Office space: Is yours built for efficiency?

No matter the size, your office should facilitate smooth patient flow and quality care.

When patients arrive at your practice for their appointments, can they get in and out within an hour or so at the most? Or are they forced to spend their valuable time waiting because of traffic jams at the testing stations? Are doctors standing around waiting for patients because of backups in the exam rooms?

If so, it could be time to treat your office itself like a patient; ie, examine your physical space to assess the severity of its symptoms, diagnose the cause and then take steps to treat it — either by reconfiguring the space or even moving into a new and bigger space.


Insufficient or poorly used space is just one of many potential factors in inefficiency in ophthalmology, according to Thomas A. Ciulla, MD, MBA, clinical professor of ophthalmology at Indiana University School of Medicine and of Vitreoretinal Medicine and Surgery at Midwest Eye Institute, both in Indianapolis, Ind. Some of these factors, Dr. Ciulla says, include inappropriate testing, improper workup protocols, overscheduling, unbalanced workloads, inadequate staffing, long setup times and even inappropriate referrals.

“When a patient should have been referred to another physician for a different problem, [that] creates waste on numerous levels: for the patient and the family who spend time in the office, for those paying for the visit, for the patient whose appropriate visit was bumped by the inappropriate referral and for the practice, which likely forgoes higher revenue associated with treating a more appropriate referral,” says Dr. Ciulla, who has written about inefficiency in ophthalmology as it relates to Lean Six Sigma principles. “Also, this adds to staffing expenses, equipment expenses, space expenses and waiting times for other patients.”

Larry Brooks, AIA, an Atlanta-based architect whose firm specializes in designing medical practice clinics, looks at what he calls the “Four S’s” of clinic efficiency: physician style of care; the clinic’s staffing model; the clinic’s systems of check-in, scheduling, and patient processing; and, finally, the clinic’s physical space.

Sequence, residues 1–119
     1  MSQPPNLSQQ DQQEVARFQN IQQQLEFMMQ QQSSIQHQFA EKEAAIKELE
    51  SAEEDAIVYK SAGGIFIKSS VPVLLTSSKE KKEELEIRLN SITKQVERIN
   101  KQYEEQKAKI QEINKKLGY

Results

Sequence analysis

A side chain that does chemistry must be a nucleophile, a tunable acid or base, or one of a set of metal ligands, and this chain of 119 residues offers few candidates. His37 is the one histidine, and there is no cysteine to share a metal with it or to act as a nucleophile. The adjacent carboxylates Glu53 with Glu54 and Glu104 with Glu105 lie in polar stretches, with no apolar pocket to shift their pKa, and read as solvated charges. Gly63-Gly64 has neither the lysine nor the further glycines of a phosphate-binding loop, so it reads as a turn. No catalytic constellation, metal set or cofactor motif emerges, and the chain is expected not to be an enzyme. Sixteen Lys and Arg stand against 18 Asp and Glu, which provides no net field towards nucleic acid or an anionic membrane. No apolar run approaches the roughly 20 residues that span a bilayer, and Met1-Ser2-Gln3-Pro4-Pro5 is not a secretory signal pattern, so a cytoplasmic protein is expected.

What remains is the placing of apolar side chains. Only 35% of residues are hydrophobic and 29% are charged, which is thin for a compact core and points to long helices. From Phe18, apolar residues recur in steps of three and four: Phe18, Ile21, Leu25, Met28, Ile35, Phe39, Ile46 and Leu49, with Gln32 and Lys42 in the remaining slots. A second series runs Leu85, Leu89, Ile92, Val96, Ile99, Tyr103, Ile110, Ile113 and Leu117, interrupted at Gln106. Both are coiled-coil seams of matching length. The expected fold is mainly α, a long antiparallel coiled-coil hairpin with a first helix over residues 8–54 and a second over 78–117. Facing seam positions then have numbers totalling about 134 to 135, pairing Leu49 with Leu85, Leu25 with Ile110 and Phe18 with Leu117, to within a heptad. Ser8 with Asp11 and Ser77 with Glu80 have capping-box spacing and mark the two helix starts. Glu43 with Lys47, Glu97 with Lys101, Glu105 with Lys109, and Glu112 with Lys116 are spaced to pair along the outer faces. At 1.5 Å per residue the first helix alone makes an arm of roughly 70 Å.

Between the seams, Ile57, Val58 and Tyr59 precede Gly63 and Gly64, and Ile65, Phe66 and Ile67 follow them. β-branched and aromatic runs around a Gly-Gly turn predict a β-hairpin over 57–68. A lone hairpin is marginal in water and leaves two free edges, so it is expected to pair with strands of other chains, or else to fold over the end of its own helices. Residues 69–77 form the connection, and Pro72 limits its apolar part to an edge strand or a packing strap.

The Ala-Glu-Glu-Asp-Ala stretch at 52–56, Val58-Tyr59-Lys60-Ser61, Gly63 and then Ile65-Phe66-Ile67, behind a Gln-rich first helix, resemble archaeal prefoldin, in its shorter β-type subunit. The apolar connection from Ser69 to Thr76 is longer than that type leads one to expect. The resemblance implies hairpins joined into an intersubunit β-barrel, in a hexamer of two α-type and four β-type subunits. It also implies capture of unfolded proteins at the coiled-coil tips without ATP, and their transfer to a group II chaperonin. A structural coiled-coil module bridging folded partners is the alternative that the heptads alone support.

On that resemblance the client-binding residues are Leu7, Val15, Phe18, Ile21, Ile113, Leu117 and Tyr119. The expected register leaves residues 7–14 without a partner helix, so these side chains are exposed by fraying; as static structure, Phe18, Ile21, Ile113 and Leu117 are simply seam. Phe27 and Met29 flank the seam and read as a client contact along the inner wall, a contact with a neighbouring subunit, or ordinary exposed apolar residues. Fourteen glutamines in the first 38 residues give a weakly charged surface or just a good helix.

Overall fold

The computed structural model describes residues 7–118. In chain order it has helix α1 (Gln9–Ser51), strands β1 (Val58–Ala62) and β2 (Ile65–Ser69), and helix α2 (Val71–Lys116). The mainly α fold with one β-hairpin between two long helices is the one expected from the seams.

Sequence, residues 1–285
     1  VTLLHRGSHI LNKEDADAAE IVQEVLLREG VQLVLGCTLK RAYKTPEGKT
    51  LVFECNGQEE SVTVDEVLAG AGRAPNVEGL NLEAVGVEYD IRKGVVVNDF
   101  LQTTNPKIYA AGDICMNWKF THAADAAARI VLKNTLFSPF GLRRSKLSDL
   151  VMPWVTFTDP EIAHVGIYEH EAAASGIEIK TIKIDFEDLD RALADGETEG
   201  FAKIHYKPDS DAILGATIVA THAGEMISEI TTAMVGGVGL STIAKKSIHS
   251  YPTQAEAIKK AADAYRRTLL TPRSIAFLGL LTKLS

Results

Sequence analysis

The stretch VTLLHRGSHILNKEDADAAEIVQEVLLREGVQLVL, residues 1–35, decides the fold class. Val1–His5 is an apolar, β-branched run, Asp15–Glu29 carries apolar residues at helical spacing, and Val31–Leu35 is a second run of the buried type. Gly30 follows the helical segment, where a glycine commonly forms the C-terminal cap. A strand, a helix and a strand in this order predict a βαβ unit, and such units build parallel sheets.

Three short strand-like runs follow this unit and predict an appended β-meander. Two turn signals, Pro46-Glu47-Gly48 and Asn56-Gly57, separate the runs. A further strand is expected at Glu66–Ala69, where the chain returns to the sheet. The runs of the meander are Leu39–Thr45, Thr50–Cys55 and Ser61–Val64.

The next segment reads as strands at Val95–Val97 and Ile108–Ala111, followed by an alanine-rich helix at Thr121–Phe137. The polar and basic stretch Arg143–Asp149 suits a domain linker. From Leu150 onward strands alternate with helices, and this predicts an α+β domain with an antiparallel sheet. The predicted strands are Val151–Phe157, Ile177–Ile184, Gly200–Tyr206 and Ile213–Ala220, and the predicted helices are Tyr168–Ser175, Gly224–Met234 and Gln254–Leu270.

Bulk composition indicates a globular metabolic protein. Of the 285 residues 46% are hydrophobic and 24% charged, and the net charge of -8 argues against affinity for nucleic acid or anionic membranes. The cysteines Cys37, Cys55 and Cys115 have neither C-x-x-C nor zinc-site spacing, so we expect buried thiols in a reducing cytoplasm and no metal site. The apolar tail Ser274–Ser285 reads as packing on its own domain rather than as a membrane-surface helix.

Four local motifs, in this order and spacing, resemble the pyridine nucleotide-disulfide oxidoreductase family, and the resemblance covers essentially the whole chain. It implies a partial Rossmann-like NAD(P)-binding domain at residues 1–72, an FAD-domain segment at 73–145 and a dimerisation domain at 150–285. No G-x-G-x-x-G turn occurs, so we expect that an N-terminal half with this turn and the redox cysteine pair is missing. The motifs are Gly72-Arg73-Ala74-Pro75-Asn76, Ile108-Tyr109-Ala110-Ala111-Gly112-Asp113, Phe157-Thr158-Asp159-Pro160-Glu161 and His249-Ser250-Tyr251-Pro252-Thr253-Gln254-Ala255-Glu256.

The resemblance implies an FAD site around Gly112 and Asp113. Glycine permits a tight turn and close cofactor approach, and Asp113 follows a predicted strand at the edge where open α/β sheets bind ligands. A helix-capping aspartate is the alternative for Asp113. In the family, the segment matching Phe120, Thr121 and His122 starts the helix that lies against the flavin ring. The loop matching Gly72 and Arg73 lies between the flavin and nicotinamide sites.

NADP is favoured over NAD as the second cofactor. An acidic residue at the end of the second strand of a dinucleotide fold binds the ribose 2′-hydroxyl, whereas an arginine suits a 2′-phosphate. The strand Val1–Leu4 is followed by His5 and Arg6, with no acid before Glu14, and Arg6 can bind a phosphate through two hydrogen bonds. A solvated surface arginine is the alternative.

“Presenting the doctor with a ready patient is really the goal of an efficient office,” Mr. Brooks says. “That’s your practice’s resource: the doctor. Everybody’s there to get care.”


The best way to determine whether your office space itself is a major factor in your practice efficiency issues is to start by gathering data, says Mr. Brooks, who notes the process of identifying and correcting space issues parallels that of a patient doctor visit. “We’re going to really take a critical look at the practice and the flow, and what they do well and what they don’t do well, and then we’re going to come up with a treatment plan.”

Mr. Brooks also has his clients complete a questionnaire covering items such as patient volume, staffing size and model, job descriptions, services and equipment as well as their goals for future growth.

“It all starts by knowing your data,” says Cynthia Matossian, MD, founder and medical director of Matossian Eye Associates, a multispecialty practice with offices in Doylestown, Pa., and New Jersey. Dr. Matossian is in the midst of expanding one of her offices into an adjoining space and says you must consider several key questions during your planning session.